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Posted October 17, 2012 | Leave a comment
Big plays have doomed Hornets
By Jeff Nations
WINCHESTER -- It's a good bet that Greg Cordivari's personal highlight package will likely include significant footage from last Saturday's Old Dominion Athletic Conference football matchup against Shenandoah.
Little wonder, considering the Catholic quarterback helped produce a big-play bonanza for the Cardinals in the 34-7 victory by completing four passes -- two for touchdowns -- which covered at least 25 yards.
Cordivari finished with 277 passing yards -- take away those four long completions for a combined 128 and his yardage total drops to 149.
"It wasn't like they were driving down the field on us with passing, it wasn't like they were just picking our secondary apart," Shenandoah junior cornerback Sean Blackman said. "It was just pretty much every quarter, they had a big play on us. And we've got to cut down on the big plays. If we cut down on those, they lose momentum and have to go back to running which hasn't really been a factor throughout the season. We want to be able to just stop the big plays."
That's been the problem for Shenandoah (1-5, 0-3 ODAC). In every game except the loss to Christopher Newport this season, the Hornets have given up touchdowns on plays of 25 yards or more. In contrast, Shenandoah's has generated only 12 plays of 25 yards or more, with three of those coming on trick plays from the special teams unit.
Ten of those 17 big plays against the Hornets have either directly produced points or eventually led to them. To the chagrin of Blackman and the rest of Shenandoah's secondary, 12 of those long gainers have come via the pass.
"It sucks because we rarely make those mistakes, but the times that we do teams somehow find a way to take advantage of it," Blackman said. "Sometimes if you're out of place it may not affect it or you may get away with it, but for some odd reason this whole season the few mistakes we make the offense just happens to run a play that takes advantage of it. That's been something that's occurring in every game."
Despite the occasional lapse, the Hornets' defense still ranks among the best in the ODAC in total defense (second, allowing 313.5 yards per game).
Still, those big plays have added up to points the Hornets can ill afford to surrender. Although the long passes reflect negatively on the secondary, a sometimes spotty pass rush has also factored by giving opposing quarterbacks too much time to find targets.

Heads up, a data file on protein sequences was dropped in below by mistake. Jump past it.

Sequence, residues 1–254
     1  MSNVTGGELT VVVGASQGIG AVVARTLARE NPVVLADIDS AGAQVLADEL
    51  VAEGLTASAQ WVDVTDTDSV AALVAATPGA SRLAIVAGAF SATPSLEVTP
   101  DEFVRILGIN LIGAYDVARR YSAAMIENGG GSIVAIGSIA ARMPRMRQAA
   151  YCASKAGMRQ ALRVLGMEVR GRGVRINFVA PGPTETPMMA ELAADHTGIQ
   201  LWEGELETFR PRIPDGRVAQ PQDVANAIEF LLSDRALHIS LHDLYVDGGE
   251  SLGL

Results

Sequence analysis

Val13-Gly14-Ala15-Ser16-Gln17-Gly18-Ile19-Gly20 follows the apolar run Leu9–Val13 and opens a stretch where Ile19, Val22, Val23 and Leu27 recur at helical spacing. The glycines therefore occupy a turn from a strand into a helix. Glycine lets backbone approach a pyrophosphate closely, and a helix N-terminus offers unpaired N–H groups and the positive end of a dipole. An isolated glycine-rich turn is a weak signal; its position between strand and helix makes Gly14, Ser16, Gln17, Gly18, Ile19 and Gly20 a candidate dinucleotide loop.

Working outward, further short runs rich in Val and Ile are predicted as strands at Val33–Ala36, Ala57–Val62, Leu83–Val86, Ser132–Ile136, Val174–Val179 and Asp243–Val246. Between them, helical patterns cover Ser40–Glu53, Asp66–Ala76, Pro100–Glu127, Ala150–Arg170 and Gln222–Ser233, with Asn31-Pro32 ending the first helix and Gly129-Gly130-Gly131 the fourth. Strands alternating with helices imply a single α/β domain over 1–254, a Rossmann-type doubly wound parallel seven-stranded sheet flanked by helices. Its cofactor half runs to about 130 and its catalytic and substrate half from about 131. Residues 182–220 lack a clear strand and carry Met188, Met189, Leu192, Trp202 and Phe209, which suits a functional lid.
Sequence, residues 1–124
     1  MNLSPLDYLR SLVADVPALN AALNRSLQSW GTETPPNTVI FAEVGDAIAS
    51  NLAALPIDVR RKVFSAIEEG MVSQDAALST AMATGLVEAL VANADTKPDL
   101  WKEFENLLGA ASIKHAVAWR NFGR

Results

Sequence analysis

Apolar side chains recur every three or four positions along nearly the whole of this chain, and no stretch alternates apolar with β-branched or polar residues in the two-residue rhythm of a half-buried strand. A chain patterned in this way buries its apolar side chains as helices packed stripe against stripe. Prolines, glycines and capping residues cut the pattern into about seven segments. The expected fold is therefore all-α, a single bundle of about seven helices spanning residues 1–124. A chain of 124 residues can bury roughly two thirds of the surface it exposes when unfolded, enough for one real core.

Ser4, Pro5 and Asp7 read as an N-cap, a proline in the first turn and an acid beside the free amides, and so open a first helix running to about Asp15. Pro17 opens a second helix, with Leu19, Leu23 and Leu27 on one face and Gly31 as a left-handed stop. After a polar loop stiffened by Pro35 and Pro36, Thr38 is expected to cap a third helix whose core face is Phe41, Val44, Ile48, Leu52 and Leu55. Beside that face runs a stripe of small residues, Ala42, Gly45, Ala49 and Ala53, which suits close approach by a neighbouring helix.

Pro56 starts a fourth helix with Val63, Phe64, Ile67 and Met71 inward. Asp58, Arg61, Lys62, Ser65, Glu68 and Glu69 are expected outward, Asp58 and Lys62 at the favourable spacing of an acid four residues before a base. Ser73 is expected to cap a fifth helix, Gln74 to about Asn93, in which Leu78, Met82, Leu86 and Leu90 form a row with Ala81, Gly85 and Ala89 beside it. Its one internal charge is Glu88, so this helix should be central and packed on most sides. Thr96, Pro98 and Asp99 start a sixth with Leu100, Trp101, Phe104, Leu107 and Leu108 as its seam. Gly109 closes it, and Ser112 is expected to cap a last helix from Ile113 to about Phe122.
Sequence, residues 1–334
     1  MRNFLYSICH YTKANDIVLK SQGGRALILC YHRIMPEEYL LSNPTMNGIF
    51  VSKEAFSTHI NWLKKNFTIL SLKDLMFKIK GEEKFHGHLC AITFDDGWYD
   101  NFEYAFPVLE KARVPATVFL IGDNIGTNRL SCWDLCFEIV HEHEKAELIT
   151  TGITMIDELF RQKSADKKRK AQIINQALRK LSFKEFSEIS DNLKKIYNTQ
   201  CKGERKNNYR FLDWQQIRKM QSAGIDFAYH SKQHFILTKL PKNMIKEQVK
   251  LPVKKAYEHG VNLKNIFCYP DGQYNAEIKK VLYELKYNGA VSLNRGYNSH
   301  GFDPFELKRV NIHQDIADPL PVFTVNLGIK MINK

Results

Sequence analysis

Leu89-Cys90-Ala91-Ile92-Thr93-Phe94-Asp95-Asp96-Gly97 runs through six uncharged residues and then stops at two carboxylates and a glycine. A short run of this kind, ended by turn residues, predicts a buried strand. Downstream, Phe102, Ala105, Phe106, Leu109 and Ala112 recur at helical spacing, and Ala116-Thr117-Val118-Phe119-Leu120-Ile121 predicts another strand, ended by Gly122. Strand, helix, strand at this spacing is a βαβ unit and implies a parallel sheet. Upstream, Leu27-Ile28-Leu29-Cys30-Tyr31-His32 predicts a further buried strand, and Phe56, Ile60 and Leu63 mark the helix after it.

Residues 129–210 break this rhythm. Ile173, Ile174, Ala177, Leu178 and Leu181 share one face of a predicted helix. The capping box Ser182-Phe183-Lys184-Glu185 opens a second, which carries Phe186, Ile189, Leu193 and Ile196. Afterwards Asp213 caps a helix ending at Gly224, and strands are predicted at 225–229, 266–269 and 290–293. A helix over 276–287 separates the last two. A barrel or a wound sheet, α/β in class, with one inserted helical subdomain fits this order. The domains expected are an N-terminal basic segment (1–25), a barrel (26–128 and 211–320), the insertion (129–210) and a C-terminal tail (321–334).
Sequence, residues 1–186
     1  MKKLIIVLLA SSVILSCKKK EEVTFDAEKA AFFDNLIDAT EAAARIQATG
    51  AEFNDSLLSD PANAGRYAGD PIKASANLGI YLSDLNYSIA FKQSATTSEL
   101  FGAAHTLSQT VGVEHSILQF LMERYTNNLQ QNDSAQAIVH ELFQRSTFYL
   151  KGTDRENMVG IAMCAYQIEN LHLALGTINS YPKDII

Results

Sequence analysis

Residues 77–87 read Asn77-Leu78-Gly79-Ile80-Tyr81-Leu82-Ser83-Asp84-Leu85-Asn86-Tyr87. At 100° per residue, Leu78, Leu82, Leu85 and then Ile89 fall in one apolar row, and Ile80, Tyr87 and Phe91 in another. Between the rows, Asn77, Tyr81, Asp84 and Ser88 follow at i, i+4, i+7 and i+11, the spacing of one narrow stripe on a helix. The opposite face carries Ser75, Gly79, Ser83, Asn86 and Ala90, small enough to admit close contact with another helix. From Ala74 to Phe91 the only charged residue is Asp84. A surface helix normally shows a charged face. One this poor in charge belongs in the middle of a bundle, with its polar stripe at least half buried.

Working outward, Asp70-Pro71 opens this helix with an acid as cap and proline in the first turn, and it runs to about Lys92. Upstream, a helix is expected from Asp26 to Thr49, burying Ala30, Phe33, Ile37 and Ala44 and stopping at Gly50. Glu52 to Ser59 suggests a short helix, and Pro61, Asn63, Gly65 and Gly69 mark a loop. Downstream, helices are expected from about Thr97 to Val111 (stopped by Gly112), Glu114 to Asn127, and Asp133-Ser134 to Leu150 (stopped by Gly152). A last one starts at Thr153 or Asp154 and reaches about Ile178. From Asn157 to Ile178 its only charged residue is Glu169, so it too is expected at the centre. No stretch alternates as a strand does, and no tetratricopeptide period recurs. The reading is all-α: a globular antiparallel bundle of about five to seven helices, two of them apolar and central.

"Pressure kills big plays like that," Hornets senior linebacker John Ludden said.
REVOLVING DOOR: Much of Shenandoah's offensive woes can be attributed to an alarming lack of stability at quarterback this season. Three different players -- Phillip Gardner, Shawn Lloyd and Corey Taylor -- have started games at quarterback for Shenandoah this season, with Lloyd earning the most starts including last week's game against Catholic.
Taylor, a sophomore who missed the first three games due to a suspension for an unspecified violation of team rules, looked to have locked down the starting assignment with a solid debut effort against Bridgewater on Sept. 22. He started the following week at home against Guilford, but injured his knee in that game and sat out last week. Gardner, who started the opener, has also missed significant time due to injury.
Shenandoah coach Paul Barnes said both are practicing this week, and Taylor is likely to resume the starting role against Hampden-Sydney on Saturday.
"Just putting the same quarterback out there every week is very important, and we've got to do that," Barnes said.
All the shuffling behind center has adversely affected the Hornets, who rank dead last in the ODAC in total offense with 246.7 yards per game. The gulf is particularly wide -- Guilford, which ranks just one spot above Shenandoah, averages 342.7 yards per game. Washington and Lee, the dominant rushing team in the ODAC, tops the total offense list at 451.8 yards per game.
Finding some stability at quarterback would help, although there is some benefit in getting three different quarterbacks some game experience.
"Just from the quarterback's cadence, that's the only thing that's difficult to me," senior fullback P.J. Athey said. "Some of the cadences are a little faster than others, some are slower. But they all bring different things to the table, which I kind of like."
NEXT MAN UP: Standout junior linebacker Josh Rogers is doubtful for Saturday's home game against Hampden-Sydney after suffering an elbow injury against Catholic, and fellow linebacker John Ludden was questionable heading into Wednesday's practice. Barnes said Ludden was slated to practice in full pads on Wednesday and was optimistic the senior would be available for Saturday's game against the Tigers.
Losing Rogers, who ranks second on the team with 55 tackles, is a blow for Shenandoah's defense. Rogers, like Ludden a middle linebacker, leads the Hornets with nine tackles for loss.
Freshman Thomas Cirillo, who saw his first game action last week against Catholic, is listed as Rogers' backup on the Hornets' depth chart.
Contact Sports Editor Jeff Nations at 540-465-5137, or firstname.lastname@example.org
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